What Quentin Tarantino Really Thinks About ‘Joker’

Tarantino had a few notes on the film, both good and bad.

DC’s Joker sparked something in Hollywood. Not only did it become the highest-grossing R-rated movie of all time and win multiple Academy Awards, including one for Joaquin Phoenix’s insane performance, but it also inspired the industry to focus more movies on villains. This includes Disney’s upcoming Cruella movie, which is already being compared to Todd Phillips’ Joker film. It’s safe to say that the movie was one of the best of 2019, but does director Quentin Tarantino agree?

Quentin Tarantino is one of those directors who doesn’t shy away from controversy. While these controversies tend to come from his critically-acclaimed movies, they also stem from his opinions. Say what you want about Quentin, but he’s opinionated… especially about movies. And given his resume, he has a right to be. This is what he thought about Todd Phillips’ Joker movie…

Criticisms Aside, This One Element Of Joker Was Brilliant, According To Quentin

During a fantastic three-hour conversation on The Empire Movie podcast with Baby Driver director Edgar Wright, Quentin Tarantino went into detail about what exactly he thought of The Joker. Quentin, of course, is a massive movie buff and sees just about everything out there including big Hollywood movies. In fact, he has publically praised some mainstream projects that haven’t exactly received the favor of critics, including Promethus.

The Joker, however, is a movie that was almost universally loved. In the conversation on The Empire Movie Podcast, Quentin seems to have some legitimate criticisms of the movie. Although, there was one thing about it that he thought was utterly genius…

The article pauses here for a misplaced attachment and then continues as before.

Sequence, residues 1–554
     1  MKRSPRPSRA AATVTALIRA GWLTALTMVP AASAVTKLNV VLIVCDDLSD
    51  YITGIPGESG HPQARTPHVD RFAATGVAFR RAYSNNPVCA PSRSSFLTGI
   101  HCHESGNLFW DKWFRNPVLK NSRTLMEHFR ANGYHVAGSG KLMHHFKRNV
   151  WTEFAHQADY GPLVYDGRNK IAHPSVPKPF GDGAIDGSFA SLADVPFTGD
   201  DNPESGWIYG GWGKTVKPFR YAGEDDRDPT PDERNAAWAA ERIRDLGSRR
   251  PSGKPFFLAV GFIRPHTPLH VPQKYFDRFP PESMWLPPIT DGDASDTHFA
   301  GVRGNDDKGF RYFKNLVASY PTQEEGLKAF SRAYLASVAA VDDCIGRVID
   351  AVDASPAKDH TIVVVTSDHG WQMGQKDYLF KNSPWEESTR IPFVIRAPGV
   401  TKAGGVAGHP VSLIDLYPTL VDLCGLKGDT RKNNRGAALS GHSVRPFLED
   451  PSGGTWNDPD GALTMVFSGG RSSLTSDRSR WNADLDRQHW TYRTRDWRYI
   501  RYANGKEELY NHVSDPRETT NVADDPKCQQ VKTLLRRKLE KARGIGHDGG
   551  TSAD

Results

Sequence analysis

“Subversion on a massive level,” Quentin Tarantino said of the one element of Joker that he thought was one of the best things he’s seen in a long time. “Audience response. Cause and effect on the screen. Feeling the atmosphere in the theater change. Getting to where you’re going, as far as movies are concerned. We’ve talked about all these things… The talk show sequence in the Joker encompasses all of these things on a profound… a profound level. A level that I think is over most viewers’ heads.”

Quentin claimed that this scene was beyond suspense. In the theater he saw it in, the moment changed the audiences’ perspective of the whole story leading up to it.

“The director subverts the audience because the Joker is a nut,” Quentin explained. “Robert De Niro’s talk show character is not a movie villain. He seems like an a**hole. But he’s not any more of an a**hole than David Letterman. You know, he’s just an a**hole comedian talk show guy. He’s an a**hole David Letterman-type. He’s not a movie villain. He’s doesn’t deserve to die. You know, he’s just an a**hole. And people like a**hole comedians. Yet, while the audience in the movie theater is watching The Joker, they want him to kill Robert De Niro. They want him to take that gun and stick it in his eye blow the back of his head off. And if The Joker didn’t kill him… You would be p***ed off. That is subversion on a massive level. They got the audience to think like a lunatic. And they will lie about it and say, ‘No I didn’t’. And they’re liars.”


The Criticisms Quentin Had For Joker

Quentin claimed that he liked the movie while watching it for the first time. He didn’t think it was anything amazing. He was wondering about the fact that Joker was directly influenced by The King of Comedy and Taxi Driver. While in the theater, Quentin said that he was having a conversation with himself about whether most movies nowadays were reinventions of famous 1970s flicks.

“Taxi Driver is the Joker. Apocalpyse Now is Ad Astra. Is everything some weird pop-culture artifact?”

This wasn’t necessarily a criticism, just more of an observation. However, Quentin did feel that the film was really one-noted. Although he did think it moved really fast.

“The movie actually tells its story pretty efficiently. Then it gets to the talk show scene and you feel the entire atmosphere in the theater change.”

While he didn’t think it was a perfect movie, it’s clear that getting to that final big scene made the whole experience extremely worth it for the famed filmmaker. And perhaps that one-noted feel Quentin felt throughout the movie helped him get to the point where he got into the headspace of The Joker by the end of the movie. After all, this is what he claims made that climatic talk show scene so powerful and disturbing. The Joker made him think like ‘a lunatic’.

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